Is Property of My Spouse’s Minor Child Part of the “Marital Estate”?
August 4th, 2017 by Tad Nelson in Divorce
A common problem that arises in Texas divorce cases is how to properly classify certain property. Texas is a “community property” state, which means that any property acquired by either spouse during the marriage is presumed to be part of the marital estate and thus subject to equitable division in any subsequent divorce. By default, all property is assumed to be community property, and the burden of proof is on a spouse to prove otherwise by a “preponderance of the evidence.”
Houston Court Rejects Wife’s Claim on Ex-Stepson’s House
But what about property held by a minor child of one of the spouses? A Houston appeals court recently considered this scenario. The husband in this case had four children from a prior relationship. He leased a house in Galena Park, Texas, beginning in 1992. In 1996, he married the wife. In 2000, after the expiration of the Galena Park lease, the owner executed a “quitclaim” deed transferring the property to one of the husband’s sons, who was 16 years old at the time.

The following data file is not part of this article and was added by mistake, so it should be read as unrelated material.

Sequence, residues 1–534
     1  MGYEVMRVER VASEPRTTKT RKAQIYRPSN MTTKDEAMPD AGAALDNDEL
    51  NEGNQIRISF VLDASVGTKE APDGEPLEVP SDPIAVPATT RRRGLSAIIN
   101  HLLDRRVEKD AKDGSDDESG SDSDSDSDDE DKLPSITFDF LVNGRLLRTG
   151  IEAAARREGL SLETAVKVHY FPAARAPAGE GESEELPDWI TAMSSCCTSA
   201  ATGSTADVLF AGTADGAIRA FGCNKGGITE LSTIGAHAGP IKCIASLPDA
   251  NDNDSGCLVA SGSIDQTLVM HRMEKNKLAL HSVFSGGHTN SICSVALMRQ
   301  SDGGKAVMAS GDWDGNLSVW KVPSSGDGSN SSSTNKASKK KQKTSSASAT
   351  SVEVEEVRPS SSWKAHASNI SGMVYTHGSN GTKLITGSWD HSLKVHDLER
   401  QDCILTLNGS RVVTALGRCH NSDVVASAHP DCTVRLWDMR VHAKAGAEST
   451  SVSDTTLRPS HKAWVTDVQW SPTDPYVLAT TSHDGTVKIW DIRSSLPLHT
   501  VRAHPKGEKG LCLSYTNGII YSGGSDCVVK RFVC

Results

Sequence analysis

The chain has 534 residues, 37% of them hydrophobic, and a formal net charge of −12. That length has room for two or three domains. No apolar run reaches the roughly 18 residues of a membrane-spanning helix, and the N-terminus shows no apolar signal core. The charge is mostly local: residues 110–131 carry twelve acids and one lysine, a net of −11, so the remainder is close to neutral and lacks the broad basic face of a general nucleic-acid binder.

About a year later, the husband and wife purported to execute a general warranty deed on the Galena Park property, apparently to use it as collateral to obtain a loan. The couple executed a second such deed in 2005 to get a home equity loan. The wife also used her personal funds to make improvements to the property.
The wife filed for divorce in 2012. She alleged the Galena Park home was “community property.” The trial court agreed and ordered the property sold, with the proceeds divided between the spouses.
But the Texas 14th District Court of Appeals reversed that decision, explaining there was no evidence that either spouse ever held legal title to the property. The 2000 quitclaim deed clearly transferred title to the son. “Texas law does not restrict the ability of minors under the age of eighteen to own property,” the appeals court noted. And even if the transfer to the son was somehow invalid, that would simply mean the property remained with the original owner. It never became community property of the husband and wife.
Get Help From a League City Divorce Lawyer
Divorce is often a complex, messy affair. It is important not to further complicate matters by not having a clear understanding of what property belongs to the marital estate. An experienced Houston divorce attorney can help you review your situation and determine the best course of action. Contact the Law Offices of Tad Nelson & Associates if you need to speak with a lawyer right away.